It was only at night alone in my bed that the tears would come. I would weep quiet, silent tears so no one would hear, crying out to a God I didn’t know but believed was out there some where. Crying out for my mother to come and rescue me. I knew she was in heaven watching me from above but I needed her here…. why did God take her away? I needed her. Maybe this God would come and take me to her. And so every night I begged Him to come and get me too. But there was only silence.

By the time I was a teenager and my body began to develop I was often “teased” and complimented about my maturing body. In that attention I knew a vague sense of dominance, power and attractiveness when someone would comment on my body. Having never felt valued in any other way I began to realize that I had something of value, something men wanted. My soul, hungry for attention and love, began to soak up the attention even though at the same time it left me self-conscious, uncomfortable and feeling cheap. My pleasure turning to disgust.

But the initial pleasures of being pursued or wanted lingered in my soul. It left me confused as to why I could feel two conflicting emotions at once. I felt anger over their attention and yet a sense of pleasure at the same time.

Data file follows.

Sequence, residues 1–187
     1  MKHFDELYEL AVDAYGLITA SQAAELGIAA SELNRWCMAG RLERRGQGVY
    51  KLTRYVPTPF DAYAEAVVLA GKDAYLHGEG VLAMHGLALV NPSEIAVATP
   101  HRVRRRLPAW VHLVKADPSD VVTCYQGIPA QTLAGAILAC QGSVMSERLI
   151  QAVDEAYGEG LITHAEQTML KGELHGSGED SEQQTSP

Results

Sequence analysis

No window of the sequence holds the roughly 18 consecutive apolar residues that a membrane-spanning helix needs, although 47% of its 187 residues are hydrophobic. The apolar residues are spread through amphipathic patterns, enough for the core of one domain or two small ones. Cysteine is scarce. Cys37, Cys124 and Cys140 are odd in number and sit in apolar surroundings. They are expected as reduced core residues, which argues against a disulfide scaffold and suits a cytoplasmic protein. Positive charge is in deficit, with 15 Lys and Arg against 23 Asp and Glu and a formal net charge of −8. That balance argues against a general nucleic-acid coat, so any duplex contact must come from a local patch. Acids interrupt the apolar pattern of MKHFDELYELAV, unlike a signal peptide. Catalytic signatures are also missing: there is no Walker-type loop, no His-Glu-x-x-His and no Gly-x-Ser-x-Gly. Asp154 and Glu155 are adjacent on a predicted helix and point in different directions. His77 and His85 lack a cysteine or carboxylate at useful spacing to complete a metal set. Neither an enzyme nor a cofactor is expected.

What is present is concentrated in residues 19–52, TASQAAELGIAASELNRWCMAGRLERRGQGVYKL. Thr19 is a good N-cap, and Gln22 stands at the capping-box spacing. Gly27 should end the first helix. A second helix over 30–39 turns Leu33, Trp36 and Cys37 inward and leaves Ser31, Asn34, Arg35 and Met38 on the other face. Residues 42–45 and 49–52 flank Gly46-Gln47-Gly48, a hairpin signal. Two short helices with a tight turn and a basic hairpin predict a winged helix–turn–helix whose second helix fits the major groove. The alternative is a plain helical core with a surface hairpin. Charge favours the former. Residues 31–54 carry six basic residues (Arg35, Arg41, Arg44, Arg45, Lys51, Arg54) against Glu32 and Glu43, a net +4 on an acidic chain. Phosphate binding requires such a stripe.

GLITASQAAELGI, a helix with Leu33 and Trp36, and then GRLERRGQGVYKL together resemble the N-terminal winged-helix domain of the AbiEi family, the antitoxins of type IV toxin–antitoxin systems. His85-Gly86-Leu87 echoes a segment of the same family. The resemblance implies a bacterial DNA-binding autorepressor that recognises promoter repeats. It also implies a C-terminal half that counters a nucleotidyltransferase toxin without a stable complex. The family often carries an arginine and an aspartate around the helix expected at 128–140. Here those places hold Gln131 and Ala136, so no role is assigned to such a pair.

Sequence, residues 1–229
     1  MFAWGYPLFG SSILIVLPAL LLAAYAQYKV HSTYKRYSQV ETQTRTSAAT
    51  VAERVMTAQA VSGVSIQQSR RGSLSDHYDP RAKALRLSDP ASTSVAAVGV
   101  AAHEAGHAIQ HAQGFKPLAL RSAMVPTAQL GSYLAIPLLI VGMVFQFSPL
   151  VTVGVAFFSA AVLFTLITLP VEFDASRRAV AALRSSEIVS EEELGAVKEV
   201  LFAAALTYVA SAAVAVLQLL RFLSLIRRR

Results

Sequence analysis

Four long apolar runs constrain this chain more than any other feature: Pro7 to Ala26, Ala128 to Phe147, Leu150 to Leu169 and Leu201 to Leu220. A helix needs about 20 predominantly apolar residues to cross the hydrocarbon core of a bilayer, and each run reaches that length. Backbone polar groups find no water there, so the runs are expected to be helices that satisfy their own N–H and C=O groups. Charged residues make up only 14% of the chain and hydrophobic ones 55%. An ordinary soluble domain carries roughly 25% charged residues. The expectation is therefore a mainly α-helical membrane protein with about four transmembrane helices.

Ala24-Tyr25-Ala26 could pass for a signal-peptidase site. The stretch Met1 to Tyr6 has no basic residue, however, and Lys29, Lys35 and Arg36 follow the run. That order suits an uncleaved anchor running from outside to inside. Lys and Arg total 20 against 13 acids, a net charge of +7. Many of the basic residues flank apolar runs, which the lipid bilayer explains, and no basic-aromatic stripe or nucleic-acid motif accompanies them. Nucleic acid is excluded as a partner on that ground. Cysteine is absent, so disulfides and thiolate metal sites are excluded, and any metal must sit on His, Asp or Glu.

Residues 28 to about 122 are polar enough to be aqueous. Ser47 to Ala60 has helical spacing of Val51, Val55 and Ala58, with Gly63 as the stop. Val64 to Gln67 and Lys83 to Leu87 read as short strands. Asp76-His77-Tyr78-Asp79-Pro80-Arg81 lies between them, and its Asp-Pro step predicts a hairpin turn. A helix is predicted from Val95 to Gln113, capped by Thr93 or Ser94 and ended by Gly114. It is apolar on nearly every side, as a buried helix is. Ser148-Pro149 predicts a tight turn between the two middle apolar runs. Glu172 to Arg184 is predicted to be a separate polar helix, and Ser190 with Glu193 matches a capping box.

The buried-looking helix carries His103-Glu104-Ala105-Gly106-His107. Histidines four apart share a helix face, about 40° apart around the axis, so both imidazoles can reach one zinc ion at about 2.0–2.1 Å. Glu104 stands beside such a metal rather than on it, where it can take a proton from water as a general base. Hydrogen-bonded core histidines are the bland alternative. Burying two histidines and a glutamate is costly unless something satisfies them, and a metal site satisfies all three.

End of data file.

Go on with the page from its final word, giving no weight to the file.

It was during this time around age 15 that I was date raped by two young men. I won’t go into the sordid details or events that led up to this. Only to say that I was drugged and then raped. Hours of my life a total blank. Yet I did wake up for a brief moment during the rape only to hear the words, “you are so beautiful” and then I went blank again…..the drugs continuing their effect.

What does a young woman do with those words?

This is where ambivalence comes in. The very thing that was despised also brought some degree of pleasure or satisfaction. For me personally, my body never betrayed me physically in that it responded with pleasure in the act, but it betrayed me emotionally or sensually. I found pleasure in the interest and attention but loathing it and the power I felt, at the same time.

I deadened my soul and that’s why after the rape I became part of a group or gang, I became one of the girls who was used sexually…. it offered a certain degree of power even though it left me feeling used and ashamed…..two conflicting emotions. I finally walked away from that lifestyle and eventually an increasing prim and proper aloofness began to grow and remained for years, and still does to some degree.

I need to leave this for now and will continue later…..